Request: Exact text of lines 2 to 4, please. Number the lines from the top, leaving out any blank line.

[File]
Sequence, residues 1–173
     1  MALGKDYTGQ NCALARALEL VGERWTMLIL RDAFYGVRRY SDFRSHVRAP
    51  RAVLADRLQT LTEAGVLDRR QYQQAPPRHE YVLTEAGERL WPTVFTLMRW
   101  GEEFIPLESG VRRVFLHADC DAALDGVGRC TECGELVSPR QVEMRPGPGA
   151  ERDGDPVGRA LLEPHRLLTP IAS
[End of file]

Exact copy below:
     1  MALGKDYTGQ NCALARALEL VGERWTMLIL RDAFYGVRRY SDFRSHVRAP
    51  RAVLADRLQT LTEAGVLDRR QYQQAPPRHE YVLTEAGERL WPTVFTLMRW
   101  GEEFIPLESG VRRVFLHADC DAALDGVGRC TECGELVSPR QVEMRPGPGA